The government has said it is looking again at the issue of fees and financial support for part-time students in England.
Bill Rammell is due to have talks with universities
Higher Education Minister Bill Rammell said he hoped to say more this autumn.
The government believes youngsters do not understand that poorer students will be better off under the changes it is making, which include top-up fees.
But the fact that fees will not have to be paid in advance does not apply to part-timers: more than 40% of students.
The Department for Education and Skills is to launch a new, multi-million-pound publicity campaign on Monday aimed at persuading students that higher education is worthwhile, having already spent £1.6m doing so.
This will explain that although fees are rising to £3,000 a year in most universities in England from 2006, people will no longer have to pay them up-front.
Instead repayment can be deferred until they have graduated and are earning at least £15,000.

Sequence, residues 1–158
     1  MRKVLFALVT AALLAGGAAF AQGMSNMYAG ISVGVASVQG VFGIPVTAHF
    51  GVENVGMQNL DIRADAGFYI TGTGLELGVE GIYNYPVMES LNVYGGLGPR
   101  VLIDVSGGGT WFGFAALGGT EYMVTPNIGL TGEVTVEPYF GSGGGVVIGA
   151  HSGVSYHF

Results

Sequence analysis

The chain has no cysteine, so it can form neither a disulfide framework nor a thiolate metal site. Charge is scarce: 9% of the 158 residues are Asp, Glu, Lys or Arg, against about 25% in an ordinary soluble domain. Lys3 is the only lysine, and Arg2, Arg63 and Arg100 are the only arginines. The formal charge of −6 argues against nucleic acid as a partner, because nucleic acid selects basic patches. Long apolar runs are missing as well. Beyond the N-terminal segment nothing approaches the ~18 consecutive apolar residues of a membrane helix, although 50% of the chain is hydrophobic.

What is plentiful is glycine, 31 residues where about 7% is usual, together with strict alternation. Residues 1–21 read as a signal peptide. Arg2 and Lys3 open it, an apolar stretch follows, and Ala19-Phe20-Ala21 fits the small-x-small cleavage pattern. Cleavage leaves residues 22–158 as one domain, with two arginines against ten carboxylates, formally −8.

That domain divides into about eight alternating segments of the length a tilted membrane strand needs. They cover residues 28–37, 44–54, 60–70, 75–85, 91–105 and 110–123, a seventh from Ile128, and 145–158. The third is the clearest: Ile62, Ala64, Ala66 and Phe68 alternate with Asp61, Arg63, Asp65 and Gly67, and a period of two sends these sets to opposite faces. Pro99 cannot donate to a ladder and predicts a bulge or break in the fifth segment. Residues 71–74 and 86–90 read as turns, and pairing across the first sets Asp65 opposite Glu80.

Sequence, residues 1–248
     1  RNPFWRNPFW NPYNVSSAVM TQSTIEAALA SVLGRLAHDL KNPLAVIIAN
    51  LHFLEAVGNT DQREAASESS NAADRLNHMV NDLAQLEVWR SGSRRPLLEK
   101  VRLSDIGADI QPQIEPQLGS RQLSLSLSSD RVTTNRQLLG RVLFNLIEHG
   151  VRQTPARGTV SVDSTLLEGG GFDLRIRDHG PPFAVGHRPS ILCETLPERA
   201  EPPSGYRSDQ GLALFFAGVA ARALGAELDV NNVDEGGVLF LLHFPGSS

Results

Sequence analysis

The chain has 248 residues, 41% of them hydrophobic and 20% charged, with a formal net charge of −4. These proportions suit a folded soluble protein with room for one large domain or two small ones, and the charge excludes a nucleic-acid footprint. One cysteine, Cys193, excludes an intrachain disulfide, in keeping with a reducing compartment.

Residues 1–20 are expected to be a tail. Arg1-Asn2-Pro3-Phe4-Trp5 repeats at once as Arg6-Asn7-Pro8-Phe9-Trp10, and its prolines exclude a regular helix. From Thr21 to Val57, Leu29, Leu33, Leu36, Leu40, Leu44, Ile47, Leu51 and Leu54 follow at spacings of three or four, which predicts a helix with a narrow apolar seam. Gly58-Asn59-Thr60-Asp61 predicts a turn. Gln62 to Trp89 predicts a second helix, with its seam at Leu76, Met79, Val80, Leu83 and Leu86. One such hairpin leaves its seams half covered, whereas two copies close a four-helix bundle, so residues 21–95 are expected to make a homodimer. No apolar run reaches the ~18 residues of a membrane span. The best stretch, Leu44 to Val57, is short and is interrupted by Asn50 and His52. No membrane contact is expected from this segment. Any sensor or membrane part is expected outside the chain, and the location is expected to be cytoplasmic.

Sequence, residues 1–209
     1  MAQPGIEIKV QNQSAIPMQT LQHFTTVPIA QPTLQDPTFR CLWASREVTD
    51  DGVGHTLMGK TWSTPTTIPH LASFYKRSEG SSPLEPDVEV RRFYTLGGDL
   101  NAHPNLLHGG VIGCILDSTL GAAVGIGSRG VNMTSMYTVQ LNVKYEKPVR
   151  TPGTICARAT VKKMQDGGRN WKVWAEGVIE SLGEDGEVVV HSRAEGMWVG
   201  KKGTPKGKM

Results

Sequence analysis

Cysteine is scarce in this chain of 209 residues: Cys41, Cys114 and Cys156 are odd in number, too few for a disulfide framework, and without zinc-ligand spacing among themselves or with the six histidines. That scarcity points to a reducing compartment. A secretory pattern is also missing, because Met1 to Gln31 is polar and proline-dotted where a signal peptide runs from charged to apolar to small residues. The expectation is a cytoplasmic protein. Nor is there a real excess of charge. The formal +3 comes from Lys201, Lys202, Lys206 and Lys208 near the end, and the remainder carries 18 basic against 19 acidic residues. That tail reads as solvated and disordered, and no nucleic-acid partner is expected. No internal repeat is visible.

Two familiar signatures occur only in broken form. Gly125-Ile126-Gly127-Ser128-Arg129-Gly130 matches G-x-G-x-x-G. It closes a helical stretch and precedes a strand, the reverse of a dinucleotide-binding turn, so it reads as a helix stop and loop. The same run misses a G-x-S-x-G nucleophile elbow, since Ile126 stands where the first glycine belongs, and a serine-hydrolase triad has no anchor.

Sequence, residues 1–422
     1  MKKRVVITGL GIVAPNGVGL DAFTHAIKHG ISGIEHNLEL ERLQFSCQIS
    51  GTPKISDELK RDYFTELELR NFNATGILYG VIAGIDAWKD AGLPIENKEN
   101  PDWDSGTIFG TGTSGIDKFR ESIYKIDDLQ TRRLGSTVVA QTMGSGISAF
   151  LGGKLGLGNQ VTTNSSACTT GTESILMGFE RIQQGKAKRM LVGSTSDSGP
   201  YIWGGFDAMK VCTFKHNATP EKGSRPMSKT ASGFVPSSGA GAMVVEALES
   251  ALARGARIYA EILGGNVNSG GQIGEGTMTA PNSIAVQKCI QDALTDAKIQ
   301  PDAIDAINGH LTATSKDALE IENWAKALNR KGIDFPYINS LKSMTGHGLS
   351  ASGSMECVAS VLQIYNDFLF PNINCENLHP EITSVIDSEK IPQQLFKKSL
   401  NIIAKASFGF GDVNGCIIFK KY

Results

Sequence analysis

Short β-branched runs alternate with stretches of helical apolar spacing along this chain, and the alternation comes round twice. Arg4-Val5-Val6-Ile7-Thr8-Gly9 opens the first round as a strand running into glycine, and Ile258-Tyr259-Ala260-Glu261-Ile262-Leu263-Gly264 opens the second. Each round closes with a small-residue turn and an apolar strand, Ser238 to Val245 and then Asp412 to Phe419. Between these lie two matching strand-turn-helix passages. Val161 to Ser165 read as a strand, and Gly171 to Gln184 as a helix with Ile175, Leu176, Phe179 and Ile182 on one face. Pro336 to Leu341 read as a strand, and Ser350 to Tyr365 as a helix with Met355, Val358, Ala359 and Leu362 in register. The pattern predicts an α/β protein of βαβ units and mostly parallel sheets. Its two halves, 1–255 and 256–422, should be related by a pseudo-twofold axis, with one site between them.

But this does not apply to part-time students who will still have to pay fees up-front.
Mr Rammell said on the Today programme on BBC Radio 4: "Part-timers is an issue that we are looking at. I hope that we can actually say something about that come the autumn."
But he said part-time students were not a uniform group.
"Many of them are well-off, many of them are in work," he said.
His department said there was nothing more they could say on the subject at this stage.
Loss of income
Existing policy towards part-timers has concerned higher education organisations.
The group representing many newer universities, CMU, is due to meet Mr Rammell to discuss its concerns.
It argues that its members feel unable to charge significantly higher fees to their part-timers - often the very people the government wants to encourage to go into higher education - and will lose income as a result.
Chief executive Pam Tatlow told the BBC News website she welcomed the fact that the department was reviewing things.
"We have always said the government needed to work with the sector to resolve the issue.
"We are not saying it's not complicated but what we have always said is they needed to find at least an interim solution for the 2006 academic year."